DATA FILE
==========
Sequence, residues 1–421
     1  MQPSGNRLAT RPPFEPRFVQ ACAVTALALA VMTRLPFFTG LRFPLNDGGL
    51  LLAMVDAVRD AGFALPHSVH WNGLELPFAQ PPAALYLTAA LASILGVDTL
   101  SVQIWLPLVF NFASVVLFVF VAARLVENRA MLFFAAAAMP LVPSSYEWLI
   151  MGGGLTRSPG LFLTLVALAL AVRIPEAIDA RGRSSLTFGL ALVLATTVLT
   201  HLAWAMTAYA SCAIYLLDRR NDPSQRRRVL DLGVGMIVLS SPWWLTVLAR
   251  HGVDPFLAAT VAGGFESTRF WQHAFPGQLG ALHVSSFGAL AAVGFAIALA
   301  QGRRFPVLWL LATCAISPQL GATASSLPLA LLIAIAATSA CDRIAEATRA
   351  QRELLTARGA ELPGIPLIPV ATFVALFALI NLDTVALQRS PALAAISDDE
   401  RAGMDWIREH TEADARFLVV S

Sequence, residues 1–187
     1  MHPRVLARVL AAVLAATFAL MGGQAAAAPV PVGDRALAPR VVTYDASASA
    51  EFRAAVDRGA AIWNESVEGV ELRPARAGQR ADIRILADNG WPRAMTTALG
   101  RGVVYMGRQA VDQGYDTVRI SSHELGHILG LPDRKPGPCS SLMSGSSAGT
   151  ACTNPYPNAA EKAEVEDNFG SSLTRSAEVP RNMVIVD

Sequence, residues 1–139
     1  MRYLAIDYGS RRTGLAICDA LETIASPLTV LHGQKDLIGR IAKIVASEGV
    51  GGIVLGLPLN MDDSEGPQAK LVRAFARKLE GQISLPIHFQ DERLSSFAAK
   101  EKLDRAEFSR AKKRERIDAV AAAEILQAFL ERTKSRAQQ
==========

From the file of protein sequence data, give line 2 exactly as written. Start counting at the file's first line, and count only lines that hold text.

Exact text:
     1  MQPSGNRLAT RPPFEPRFVQ ACAVTALALA VMTRLPFFTG LRFPLNDGGL